Do Some Horses Learn Quicker Than Others?


Smart. Clever. Dull. Clueless. We all have stories of horses that connect the dots and others that …don’t. So, really, are some horses sharper than others?

As a trainer, I’ll swear to the value of having a well-defined, systematic approach to training. I’ve also learned (sometimes the hard way) that the cookie cutter has to be adapted somewhat for individual horses.

Here’s what the research indicates as factors affecting equine learning ability.

Emotional state. When a horse is fearful, excited or angry it’s tough to learn anything. A crowded riding ring fosters fear of oncoming horses or anger at the invasion of personal space. And bringing a fresh horse into the mix doesn’t make for a classroom environment

Genetics: Some horses are bred for athletic ability, flashy conformation or brilliant movement – not learning ability.

Sex: Despite the unfortunate tendency to paint all manner of behaviour issues with the “She’s such a mare!” brush, there is truth that hormones can be a source of distraction or discomfort.

Age: Although older horses have ingrained habits (neural pathways) which can take many repetitions to alter, they’ve also learned to generalize: transfer learned skills to other situations. In other words they have “learned to learn”.

While the average attention span of a horse is around 11 seconds, it’s lower for younger horses.

Environment: Distraction lowers learning ability. Have your lessons well ingrained before heading to the horse show. Don’t ask your 12 yr old son to sit on a bench and do math homework at the amusement park!

Physical condition. High starch diets, limited turnout, limited social interaction. Studies show these all decrease learning ability.

Motivation. The desire to gain something or avoid something inspires horses to learn. Food or pain /entrapment avoidance can override the motivation of simple pressure and release. Some horses require higher amounts of pressure while others are more sensitive.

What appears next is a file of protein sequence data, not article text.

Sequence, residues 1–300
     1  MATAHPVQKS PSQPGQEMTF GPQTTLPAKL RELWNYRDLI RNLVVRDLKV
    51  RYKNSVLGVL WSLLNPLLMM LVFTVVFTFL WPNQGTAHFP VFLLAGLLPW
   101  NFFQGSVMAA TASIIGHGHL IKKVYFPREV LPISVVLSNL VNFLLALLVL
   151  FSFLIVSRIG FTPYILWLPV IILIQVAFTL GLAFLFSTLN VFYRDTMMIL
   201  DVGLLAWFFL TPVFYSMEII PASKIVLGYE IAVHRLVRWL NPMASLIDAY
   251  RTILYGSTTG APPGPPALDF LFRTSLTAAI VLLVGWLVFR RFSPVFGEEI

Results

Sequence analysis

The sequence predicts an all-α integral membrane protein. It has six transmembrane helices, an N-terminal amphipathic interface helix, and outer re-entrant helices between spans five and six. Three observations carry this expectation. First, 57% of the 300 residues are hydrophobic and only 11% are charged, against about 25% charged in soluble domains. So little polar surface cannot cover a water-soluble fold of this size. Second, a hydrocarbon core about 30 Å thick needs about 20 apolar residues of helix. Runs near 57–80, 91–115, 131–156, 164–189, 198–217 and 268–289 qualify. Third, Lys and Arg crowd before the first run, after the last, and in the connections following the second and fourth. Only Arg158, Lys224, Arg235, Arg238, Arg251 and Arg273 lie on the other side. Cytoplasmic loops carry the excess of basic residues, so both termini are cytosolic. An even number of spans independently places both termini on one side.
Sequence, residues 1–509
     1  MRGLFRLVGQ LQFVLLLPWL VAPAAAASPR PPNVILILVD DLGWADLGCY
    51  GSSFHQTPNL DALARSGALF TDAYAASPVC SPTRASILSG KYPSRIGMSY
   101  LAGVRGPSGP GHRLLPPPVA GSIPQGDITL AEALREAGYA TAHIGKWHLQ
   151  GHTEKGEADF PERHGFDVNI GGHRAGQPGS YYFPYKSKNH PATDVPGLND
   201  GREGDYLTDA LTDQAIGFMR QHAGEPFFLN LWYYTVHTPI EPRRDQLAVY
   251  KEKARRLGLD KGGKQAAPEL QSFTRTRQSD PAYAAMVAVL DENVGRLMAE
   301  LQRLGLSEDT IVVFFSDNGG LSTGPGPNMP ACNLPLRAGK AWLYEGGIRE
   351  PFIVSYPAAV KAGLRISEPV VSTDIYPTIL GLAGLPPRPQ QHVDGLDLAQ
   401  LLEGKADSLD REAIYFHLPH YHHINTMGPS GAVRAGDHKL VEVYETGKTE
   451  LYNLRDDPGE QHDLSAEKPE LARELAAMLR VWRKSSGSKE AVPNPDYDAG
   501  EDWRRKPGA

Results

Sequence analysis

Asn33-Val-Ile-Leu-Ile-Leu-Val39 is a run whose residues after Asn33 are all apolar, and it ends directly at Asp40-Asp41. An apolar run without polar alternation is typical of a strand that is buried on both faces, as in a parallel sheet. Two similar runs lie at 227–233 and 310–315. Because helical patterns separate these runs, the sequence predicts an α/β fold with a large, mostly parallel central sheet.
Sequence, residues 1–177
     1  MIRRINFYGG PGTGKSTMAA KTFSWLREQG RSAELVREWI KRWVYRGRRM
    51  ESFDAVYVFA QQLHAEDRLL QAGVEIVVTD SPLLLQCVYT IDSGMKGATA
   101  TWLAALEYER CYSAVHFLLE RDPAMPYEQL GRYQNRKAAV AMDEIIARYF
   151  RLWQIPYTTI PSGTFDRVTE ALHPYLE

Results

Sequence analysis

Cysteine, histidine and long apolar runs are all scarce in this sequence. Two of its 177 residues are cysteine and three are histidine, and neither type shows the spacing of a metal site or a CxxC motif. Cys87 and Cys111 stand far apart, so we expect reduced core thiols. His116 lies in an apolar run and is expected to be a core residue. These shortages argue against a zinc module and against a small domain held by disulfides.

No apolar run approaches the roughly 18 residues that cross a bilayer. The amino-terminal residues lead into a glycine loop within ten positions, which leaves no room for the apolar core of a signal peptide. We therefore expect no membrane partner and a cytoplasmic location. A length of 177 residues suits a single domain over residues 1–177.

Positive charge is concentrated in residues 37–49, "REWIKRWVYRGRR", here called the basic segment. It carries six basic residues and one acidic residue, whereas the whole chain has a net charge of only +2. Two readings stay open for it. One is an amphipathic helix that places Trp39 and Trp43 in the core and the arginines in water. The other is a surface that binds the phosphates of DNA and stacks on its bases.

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Comment by Margaret Porkolab on December 16, 2012 at 3:00pm
I do they do. My 4 year has 20 hrs in total. This is what we have done. Road down the road to the lake. Went in the lake. Through water ditches muddy sections knee deep (didnot plan it) and over bridges at the dundas fund raising event in September. 2012. She has meant up with some nasty dogs friendly deer and some nasty cyclist. We don't get out much but she is very respectful and willing to learn and please. She is my trusting mount and i believe she would protect my from any harm.
Comment by Marlene Thoms on December 12, 2012 at 6:37pm

I boarded a very smart horse as a barnmate for my gelding the last few summers. She's 29, been there, done that and very smart. She was smart enough to choose a very kind owner, wouldn't let anyone rider her much, but turned out lovely foals. She's  had a pretty good life.

Comment by wildehex on December 11, 2012 at 9:15am

Imho it all has to do with the balance of the horse coming from the balance/timing of the rider.  I find very little difference in schooling different types of horses/sexes.  Their 'baggage' (previous training) might create situations which need solutions.  But the important thing is to school/train in such a matter that the horse makes the correct choice/improves balance rather than creating resistances to requests.

Comment by Jackie Cochran on December 11, 2012 at 8:57am

Very good.  Thank you.

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